When Eco-Solutions Backfire
Two things to get off my chest: the EPA-regulated gas cans and DIY water-saving toilets. While I embrace the technologies that make sense ecologically, I can be absolutely devastated (I’m that sensitive) when the little solutions go wrong. I guess I’m just built this way emotionally, believing everything is either saving or destroying the world.
Gas and Mowing/Farm Equipment
Living out here on fifteen acres in rural Indiana, even though a good ten acres of my grasses are in conservation programs and go un-mowed below 12 inches (and only then once a year if deemed necessary for maintenance reasons), I still have complex feelings about the few acres of non-garden yard that remains. I came here from the city in the Arizona desert, where xeriscaping was the unequivocal answer, both from a water and an emissions perspective. It’s not that simple out here. It’s not a super easy matter to replace one ground cover with another. Anyway, I wrestle. I read books about lawn alternatives. I re-read books. I stress. In the meantime, I mow.
Now, we inherited a few old gas cans with the property that work fine. However, a year and half ago we had to buy a new one. If you’ve bought a gas can in recent years, you’ve seen the new spouts from hell. They were designed to prevent fumes leaking and spilling, and yet, hands down, they are an environmental disaster. Maybe they work for some people, but I’ve not met any of them. Since I got the faulty EPA can, I’ve spilled gallons! I’ve spilled more gas than in the previous years of my entire life combined. Gasoline pooled on my mower, on my clothes, on my barn floor. I’m sensitive enough that it made me feel like giving up altogether. If you can’t fill your mower without accidents like those, how can you ever feel you’re doing the right thing out here?
It’s not just me. Here’s a news report detailing the problem, and here’s a handy show detailing the solution. (E-Z Spout, a simple spout you can retrofit your gas can with and finally stop spilling f-ing gasoline!)
I’m such a fan of the Environmental Protection Agency in general. I’ve sent letters to my local power co-op asking them to lay off in their editorials claiming the EPA is directly responsible for higher electric bills. (Electric companies have had decades to comply with regulations and transition to clean energy, but they dragged their feet and now are blaming the agency that warned they will charge them for polluting.)That said, we have to acknowledge a regulatory disaster when it’s staring us in the face, and these gas cans are such ammunition for the anti-regulatory folks out there. The story, roughly, is that California came up with these gas spouts, and the federal agency (too) swiftly adopted them. Gas can manufacturers did not have time to make ones that aren’t terribly faulty, so the eco-solution backfired.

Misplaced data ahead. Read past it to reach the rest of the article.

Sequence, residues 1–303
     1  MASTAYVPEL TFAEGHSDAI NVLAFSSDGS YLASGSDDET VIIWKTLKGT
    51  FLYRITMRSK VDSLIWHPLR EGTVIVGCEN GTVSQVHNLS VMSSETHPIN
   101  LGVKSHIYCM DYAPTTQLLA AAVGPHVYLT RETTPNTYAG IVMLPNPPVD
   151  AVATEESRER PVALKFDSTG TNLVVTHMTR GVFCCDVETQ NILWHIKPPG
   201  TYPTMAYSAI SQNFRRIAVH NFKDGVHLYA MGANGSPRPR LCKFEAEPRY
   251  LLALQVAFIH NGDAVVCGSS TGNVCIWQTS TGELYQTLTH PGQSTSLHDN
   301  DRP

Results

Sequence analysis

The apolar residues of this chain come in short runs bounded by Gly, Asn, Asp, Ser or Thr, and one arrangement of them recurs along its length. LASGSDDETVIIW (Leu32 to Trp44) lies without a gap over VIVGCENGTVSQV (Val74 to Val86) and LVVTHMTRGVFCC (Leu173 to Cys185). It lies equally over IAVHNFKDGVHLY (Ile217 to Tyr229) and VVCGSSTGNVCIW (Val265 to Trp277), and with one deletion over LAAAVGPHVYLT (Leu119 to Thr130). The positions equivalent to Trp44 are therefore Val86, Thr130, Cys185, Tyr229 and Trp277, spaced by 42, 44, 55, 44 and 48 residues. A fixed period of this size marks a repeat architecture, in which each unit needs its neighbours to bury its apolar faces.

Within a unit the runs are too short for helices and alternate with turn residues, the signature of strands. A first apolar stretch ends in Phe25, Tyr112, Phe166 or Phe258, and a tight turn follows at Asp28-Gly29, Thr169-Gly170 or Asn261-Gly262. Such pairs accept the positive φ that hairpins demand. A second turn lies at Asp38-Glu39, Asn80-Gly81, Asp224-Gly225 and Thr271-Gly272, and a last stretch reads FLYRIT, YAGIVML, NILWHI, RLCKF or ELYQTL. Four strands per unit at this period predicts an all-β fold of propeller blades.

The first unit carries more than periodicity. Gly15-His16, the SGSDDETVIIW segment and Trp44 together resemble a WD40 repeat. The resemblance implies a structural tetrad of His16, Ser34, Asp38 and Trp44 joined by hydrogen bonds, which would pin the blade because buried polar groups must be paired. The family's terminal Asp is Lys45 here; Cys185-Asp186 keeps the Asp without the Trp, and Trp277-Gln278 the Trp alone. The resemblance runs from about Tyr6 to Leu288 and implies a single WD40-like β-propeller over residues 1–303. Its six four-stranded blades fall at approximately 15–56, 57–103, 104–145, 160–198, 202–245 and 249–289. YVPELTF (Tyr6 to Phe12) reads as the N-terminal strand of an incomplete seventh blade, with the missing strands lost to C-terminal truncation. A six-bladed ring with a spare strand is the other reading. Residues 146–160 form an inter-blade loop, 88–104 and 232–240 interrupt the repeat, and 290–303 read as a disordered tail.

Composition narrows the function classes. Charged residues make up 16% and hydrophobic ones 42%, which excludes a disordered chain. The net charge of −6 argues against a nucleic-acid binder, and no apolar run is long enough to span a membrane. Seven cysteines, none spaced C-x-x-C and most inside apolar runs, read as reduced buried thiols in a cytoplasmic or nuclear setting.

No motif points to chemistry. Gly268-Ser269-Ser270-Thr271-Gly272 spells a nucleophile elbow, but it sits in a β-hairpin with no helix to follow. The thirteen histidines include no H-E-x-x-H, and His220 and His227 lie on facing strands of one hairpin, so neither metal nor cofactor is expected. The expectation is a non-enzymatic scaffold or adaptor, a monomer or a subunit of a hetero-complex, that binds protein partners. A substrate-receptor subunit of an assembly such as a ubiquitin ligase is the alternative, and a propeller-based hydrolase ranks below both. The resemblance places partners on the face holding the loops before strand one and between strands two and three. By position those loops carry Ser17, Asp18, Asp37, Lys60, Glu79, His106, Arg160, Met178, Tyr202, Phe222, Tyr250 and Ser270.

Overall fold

So: I bought the EZ-Spout, modified my gas can, and now I don’t want to cry when I fill up my mower. The larger mowing questions will be addressed in time. In the meantime, suffice it to say that rural living does not carry the same solutions that urban and suburban living does.
The Dual-Flush Toilet Modifier
Then there’s this guy: a flush apparatus I ordered from amazon a few years ago. You don’t have to replace your whole toilet — just modify it with this affordable kit. When you’re finished installing, you can use a little water or a lot, whichever is necessary. Sounds great.
Except it’s faulty. The chain and floater thing-y don’t always return to the right place. It can be fixed by jiggling the handle and listening for the water to stop flowing. But if a guest comes over and you forget to tell them about it (or if they don’t have the feel for it), water will continuously run. The tank never fills; water just runs through the tank and toilet. Just as with the EPA gas can, the purpose is mightily defeated. More water is wasted in one flush than ever before.
I failed to find the link for the product I bought (www.one2flushkit.com seems to be defunct). A new internet search revealed some more advanced looking kits from different manufacturers. It’s possible that I just ordered a cheap kit, and am paying (over-paying) for the mistake.
We use well water out here. Our issues are different from those on city water, but we all need to conserve water. This problem remains unsolved; we’re just vigilant about listening after a flush.
So really just a plea: to the problem-solvers out there, make sure your solutions actually work. We’re depending on you.